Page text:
491 F2d 966 Burnett v. United States Board of Parole
491 F.2d 966
Jimmie V. BURNETT, Petitioner-Appellant,
UNITED STATES BOARD OF PAROLE et al., Respondents-Appellees.
No. 73-3135 Summary Calendar.*
*Rule 18, 5th Cir.; see Isbell Enterprises, Inc.
Citizens Casualty Co. of New York et al., 5th Cir. 1970, 431
United States Court of Appeals, Fifth Circuit.
March 27, 1974.
Jimmie V. Burnett, pro se.
John W. Stokes, Jr., U.S. Atty., Gale McKenzie, Anthony M. Arnold, Asst. U.S. Attys., Atlanta, Ga., for respondents-appellees.
Before BELL, GODBOLD and GEE, Circuit Judges.
Burnett appeals from the district court's denial of his petition for mandamus and habeas corpus. In 1958, Burnett was convicted of bank robbery, interstate transportation of a stolen motor vehicle, and federal escape. On July 19, 1966, he was released on parole but was subsequently arrested on December 31 by Georgia authorities for burglary. The federal authorities lodged a detainer against him on January 2, 1968. On January 8, the Parole Board issued the parole violator warrant and then on May 10, after conviction on the state charge, he was sentenced to a term of five years imprisonment. He was released from state custody on February 24, 1971 and returned to the federal authorities. On April 15, 1971, after hearing, his parole was revoked.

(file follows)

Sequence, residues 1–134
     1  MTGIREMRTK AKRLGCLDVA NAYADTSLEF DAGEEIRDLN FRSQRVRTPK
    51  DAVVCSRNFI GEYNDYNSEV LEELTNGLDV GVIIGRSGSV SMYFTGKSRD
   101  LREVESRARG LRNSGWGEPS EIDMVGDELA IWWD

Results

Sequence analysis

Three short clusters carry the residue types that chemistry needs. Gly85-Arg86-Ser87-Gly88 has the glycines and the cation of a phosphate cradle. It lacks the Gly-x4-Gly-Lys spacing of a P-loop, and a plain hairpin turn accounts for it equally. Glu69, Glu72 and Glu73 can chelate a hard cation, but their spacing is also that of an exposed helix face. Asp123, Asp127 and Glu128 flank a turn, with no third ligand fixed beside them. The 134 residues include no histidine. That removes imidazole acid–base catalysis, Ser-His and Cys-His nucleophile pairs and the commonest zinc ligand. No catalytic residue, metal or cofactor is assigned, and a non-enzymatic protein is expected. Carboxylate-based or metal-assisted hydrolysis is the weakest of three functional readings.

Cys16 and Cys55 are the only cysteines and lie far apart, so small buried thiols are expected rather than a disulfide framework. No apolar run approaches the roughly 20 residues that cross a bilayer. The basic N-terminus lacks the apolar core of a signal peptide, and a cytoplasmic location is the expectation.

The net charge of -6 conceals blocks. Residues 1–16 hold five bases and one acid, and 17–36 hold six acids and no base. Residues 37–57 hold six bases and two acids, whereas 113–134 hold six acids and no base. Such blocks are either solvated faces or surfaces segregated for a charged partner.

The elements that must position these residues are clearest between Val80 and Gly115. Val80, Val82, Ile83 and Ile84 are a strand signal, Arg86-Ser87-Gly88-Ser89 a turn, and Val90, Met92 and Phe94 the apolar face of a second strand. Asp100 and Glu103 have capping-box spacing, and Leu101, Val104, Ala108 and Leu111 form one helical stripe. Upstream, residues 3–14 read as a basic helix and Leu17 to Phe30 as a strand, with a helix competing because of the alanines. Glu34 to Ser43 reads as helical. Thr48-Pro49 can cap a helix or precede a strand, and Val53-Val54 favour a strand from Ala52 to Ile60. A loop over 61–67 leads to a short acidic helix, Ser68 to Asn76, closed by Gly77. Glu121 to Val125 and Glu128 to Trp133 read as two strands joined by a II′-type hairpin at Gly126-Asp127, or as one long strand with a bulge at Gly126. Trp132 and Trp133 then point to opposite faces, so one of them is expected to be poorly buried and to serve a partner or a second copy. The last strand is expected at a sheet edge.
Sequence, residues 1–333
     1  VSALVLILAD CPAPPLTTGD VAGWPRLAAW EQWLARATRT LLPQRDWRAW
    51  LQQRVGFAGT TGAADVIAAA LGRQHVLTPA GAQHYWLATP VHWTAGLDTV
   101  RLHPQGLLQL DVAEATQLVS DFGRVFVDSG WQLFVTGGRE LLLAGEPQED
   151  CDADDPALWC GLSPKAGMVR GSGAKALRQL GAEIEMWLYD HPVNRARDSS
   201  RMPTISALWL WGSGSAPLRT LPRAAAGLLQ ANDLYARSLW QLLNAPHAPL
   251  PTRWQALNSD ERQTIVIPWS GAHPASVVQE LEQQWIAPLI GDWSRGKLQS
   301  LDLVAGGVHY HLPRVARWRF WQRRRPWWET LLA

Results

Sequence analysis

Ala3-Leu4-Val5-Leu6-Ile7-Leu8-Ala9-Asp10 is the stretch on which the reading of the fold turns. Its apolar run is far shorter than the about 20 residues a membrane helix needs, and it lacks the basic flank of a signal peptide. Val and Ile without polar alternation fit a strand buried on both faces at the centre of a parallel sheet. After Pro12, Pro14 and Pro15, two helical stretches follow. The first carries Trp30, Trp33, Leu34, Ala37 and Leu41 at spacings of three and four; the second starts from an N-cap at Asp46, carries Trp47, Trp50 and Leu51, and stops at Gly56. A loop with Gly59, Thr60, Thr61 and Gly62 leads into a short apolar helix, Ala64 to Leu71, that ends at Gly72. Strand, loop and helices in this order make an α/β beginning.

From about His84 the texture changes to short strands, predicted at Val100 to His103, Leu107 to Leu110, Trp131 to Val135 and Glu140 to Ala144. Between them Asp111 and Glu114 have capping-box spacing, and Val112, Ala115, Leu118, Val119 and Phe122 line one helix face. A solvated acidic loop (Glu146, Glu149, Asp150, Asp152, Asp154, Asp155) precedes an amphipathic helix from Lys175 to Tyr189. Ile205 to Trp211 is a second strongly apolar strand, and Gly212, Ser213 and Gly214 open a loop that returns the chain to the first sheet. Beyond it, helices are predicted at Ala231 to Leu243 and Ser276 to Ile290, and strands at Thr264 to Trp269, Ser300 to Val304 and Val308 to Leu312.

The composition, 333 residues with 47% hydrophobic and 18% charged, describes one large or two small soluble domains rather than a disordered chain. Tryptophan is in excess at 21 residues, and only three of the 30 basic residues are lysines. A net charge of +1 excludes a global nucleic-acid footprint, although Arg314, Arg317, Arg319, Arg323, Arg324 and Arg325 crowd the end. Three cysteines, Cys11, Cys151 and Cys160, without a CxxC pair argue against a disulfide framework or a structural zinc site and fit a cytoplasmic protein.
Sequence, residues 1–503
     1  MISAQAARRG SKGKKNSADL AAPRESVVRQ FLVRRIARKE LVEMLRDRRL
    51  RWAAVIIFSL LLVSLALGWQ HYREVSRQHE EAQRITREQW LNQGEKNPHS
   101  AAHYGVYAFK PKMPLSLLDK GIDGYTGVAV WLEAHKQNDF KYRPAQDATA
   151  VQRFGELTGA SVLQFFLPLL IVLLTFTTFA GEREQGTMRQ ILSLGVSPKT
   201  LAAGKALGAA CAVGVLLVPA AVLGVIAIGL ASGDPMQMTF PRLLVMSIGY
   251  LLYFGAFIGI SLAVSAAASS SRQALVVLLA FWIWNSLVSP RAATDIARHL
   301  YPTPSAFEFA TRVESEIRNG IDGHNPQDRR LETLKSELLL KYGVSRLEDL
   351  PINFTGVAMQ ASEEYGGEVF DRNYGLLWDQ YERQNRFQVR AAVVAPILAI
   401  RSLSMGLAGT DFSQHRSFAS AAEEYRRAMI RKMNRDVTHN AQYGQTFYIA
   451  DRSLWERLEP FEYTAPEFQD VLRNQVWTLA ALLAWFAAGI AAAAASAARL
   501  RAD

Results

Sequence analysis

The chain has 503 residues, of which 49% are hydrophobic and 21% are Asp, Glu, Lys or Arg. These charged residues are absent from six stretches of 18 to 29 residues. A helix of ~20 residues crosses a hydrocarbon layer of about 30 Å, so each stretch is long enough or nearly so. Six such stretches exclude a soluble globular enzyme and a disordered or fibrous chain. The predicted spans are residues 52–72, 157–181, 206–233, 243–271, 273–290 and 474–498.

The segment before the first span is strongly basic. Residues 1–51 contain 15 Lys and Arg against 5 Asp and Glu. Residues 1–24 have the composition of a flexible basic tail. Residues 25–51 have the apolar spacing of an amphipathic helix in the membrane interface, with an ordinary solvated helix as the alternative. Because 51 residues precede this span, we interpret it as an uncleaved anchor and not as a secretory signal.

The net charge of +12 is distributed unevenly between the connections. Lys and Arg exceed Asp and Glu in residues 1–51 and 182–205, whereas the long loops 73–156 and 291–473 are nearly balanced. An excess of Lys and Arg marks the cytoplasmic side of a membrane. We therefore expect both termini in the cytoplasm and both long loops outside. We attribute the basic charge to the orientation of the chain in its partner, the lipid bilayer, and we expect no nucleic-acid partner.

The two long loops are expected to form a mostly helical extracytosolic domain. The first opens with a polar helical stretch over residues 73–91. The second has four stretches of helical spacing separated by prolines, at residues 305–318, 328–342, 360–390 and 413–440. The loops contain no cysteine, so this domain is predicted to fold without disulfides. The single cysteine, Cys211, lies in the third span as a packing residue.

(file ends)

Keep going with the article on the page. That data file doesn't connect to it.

In the district court Burnett sought a writ of mandamus to compel the Parole Board to credit his federal sentence with time spent in jail prior to a state trial because he was denied release on bail solely because of the federal detainer lodged against him. The district court denied the petition without prejudice to Burnett's pursuing his administrative remedies for the credit through the Bureau of Prisons. Burnett based his petition for habeas corpus on the contention that the Parole Board unconstitutionally delayed granting him a parole revocation hearing. Burnett calculated the delay from 1968 when the detainer or warrant was lodged to 1971 when the revocation hearing was held. The district court denied the petition. We affirm.
We recognize the force of Burnett's contention that if he was denied release on bail by the state solely because a federal detainer was lodged against him he is entitled to credit on his federal sentence for that time spent in jail without bond. Davis v. Attorney General, 425 F.2d 238 (5th Cir. 1970). However, we also reaffirm the district court's insistence upon exhaustion of administrative remedies in this case and in any similar cases presented. O'Connor v. Attorney General, 470 F.2d 732 (5th Cir. 1972); Ray v. United States, 334 F.Supp. 901 (N.D.Ga.1971), aff'd, 450 F.2d 347 (5th Cir. 1971); cf., Savage v. Henderson, 475 F.2d 78 (5th Cir. 1973). Additionally, Burnett's implied suggestion that he is entitled to federal credit for the period of time when he was serving the state sentence is frivolous. Savage v. Henderson, supra.
Burnett's contention that the Parole Board unconstitutionally delayed his parole revocation hearing is foreclosed by our recent opinion in Cook v. Attorney General, 488 F.2d 667 (5th Cir. 1974). The Board postponed Cook's hearing six years while he was in custody. We concluded that the delay did not deny Cook due process absent a showing of prejudice. Burnett made no such showing.